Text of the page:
In celebration of the US National Compliments Day January 23. Let’s give more compliments!
I have received some pretty amazing compliments over the years. From my godfather, a compliment/advice was – always use a camera because my photos are really good and would be a shame to have it only on the phone. This touched my heart as he’s sold photographs to big houses.
A few years ago, I would never, never, ever have shared that publicly. NO WAY!! Like many of you out there, I was super bad at receiving compliments. I’m still not a natural (I’m definitely better at giving them) though I do appreciate them much more now. If someone compliments you, definitely smile and bathe in the glow of the gratitude others have for you!
The thing about gratitude is that it is a deep well you can dip into, over and over, when tough times come a’knocking. I have posted up in various places and on my phone the best compliments I’ve EVER gotten. When I’m feeling down, uninspired, and conflicted, I whip them out and instantly, I remember a greater truth, feeling renewed.
IMHO the best compliments are when people recognize who you are, not in comparison to your siblings (or cousins), fellow students, others of your ethnic/professional/national identity/association/tribe. We do not need to elevate someone by lowering other people. We really all can be awesome at the same time.
When you hear a truly sincere heart-felt celebration of you, doesn’t it just feel amazing to have another person see you as you see yourself (and sometimes maybe even more)? It’s like someone can see right into the deepest parts of who you are, that inner light. And not some accidental genetic inheritance (though those do come in handy) or some changeable physical trait?
Here’s what I learned about receiving compliments
1. For introverts, the impulse is to hide somewhere, and quick. Some people don’t want to appear egotistical or conceited. Stand firmly and smile. Remember eye contact. Say thank you even though you are feeling all at once grateful, surprised, embarrassed, maybe ambushed, and maybe even on the verge of tears of appreciation and recognition.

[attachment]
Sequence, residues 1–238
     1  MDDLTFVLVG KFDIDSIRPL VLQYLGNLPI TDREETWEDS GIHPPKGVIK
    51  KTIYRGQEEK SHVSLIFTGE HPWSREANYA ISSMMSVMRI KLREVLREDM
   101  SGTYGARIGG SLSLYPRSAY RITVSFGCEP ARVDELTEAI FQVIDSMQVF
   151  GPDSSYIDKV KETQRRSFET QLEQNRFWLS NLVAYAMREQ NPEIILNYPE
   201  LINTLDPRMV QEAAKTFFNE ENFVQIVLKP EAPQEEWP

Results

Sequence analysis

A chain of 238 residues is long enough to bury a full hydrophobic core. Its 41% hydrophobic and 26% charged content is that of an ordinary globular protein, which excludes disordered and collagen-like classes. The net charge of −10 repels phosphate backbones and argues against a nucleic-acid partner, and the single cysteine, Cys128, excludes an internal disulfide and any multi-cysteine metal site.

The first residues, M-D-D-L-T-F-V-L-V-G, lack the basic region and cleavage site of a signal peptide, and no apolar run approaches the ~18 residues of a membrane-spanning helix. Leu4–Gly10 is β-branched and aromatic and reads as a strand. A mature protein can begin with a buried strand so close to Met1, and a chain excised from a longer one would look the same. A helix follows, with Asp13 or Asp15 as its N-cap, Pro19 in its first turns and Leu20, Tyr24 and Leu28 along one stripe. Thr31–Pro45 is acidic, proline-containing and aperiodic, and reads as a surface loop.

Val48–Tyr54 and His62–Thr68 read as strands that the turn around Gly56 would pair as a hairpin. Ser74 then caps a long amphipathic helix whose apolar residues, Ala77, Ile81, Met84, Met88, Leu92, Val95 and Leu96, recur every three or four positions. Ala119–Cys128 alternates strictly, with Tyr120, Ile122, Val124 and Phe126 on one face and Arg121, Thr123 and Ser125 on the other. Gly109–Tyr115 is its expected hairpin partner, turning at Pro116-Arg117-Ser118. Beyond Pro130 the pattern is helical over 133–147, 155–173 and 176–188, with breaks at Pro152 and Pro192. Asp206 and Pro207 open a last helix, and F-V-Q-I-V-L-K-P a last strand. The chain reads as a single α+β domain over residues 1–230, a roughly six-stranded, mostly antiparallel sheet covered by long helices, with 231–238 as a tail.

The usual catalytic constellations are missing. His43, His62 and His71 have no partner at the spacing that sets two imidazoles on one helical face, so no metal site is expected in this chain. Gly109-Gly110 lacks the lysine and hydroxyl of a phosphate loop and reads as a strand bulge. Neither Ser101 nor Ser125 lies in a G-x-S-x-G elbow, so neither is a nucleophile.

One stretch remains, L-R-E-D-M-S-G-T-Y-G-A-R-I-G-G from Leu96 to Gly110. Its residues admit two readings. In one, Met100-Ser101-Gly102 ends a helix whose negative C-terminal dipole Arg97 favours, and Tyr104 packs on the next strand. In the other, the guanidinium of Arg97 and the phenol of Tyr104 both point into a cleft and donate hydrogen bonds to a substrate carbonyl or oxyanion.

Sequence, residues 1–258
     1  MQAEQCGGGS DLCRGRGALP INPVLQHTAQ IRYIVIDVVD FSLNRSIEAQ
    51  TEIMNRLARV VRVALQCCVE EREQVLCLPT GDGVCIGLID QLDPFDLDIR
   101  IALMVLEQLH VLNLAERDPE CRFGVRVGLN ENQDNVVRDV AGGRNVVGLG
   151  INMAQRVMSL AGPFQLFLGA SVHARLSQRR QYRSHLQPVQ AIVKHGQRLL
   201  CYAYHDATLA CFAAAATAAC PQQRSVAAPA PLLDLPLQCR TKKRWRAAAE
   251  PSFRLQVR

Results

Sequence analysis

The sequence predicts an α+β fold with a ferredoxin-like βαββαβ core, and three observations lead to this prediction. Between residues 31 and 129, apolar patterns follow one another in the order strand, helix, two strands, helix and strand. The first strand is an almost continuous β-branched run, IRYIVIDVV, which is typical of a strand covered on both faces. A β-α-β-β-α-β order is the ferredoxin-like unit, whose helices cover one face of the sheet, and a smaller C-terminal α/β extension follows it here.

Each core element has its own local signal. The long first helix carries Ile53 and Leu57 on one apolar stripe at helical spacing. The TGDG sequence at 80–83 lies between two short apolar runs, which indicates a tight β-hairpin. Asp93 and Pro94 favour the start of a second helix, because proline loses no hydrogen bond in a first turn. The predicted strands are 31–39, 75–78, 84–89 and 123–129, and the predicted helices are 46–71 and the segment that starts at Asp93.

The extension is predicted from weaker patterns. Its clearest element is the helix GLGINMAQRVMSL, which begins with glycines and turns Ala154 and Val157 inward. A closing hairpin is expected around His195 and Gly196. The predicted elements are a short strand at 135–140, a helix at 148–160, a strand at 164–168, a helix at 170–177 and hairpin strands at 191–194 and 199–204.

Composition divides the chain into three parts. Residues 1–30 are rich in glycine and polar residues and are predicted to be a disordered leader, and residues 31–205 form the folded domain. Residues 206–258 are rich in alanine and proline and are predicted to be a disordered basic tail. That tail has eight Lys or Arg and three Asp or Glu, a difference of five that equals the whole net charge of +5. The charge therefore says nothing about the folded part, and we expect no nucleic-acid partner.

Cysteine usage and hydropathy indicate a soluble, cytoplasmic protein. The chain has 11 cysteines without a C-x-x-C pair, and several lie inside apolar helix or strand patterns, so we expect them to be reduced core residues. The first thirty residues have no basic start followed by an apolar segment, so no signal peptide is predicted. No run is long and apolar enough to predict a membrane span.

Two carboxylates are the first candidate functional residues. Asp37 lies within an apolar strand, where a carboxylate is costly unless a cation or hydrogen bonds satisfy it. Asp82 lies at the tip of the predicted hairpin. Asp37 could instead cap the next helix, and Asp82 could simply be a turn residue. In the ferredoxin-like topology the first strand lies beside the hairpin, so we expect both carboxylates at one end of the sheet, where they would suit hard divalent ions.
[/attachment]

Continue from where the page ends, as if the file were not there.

2. Do not feel compelled to return the compliment with a compliment as a way to deflect (see #1), reject or even to thank the other person.
3. It’s okay to say nothing, aside from “thank you” that is. Do not downplay the compliment or diminish it with examples (from your own head) why it is exaggerated like “oh, it wasn’t that great” or “I don’t know how I pulled it off” (when you know perfectly well how).
About giving compliments
1. Be specific. What exactly about the way the person carried off a project was amazing? Was it exciting, creative, heartwarming, inspirational? Lots of people comment on someone’s beautiful eyes – what is it about the eyes? Do they sparkle? Do they smile like a million stars?
2. Never use “always”. No one always does something. No one is always the perfect party host, for example and even if your friend is pretty much the perfect host and it may be a compliment, let’s not make that an expectation and a high bar she feels she must then meet.
3. As a woman, I appreciate compliments on who I am, not what I look like. It’s a personal thing; I do try to compliment kids, especially girls, on accomplishment, rather than only outer beauty. Maybe it’s a great stylish outfit they put together or how interesting a lego village they’ve built. It compels us to look deeper and with more presence at another person, at who they really are.
cover photo by Pierre Fontaine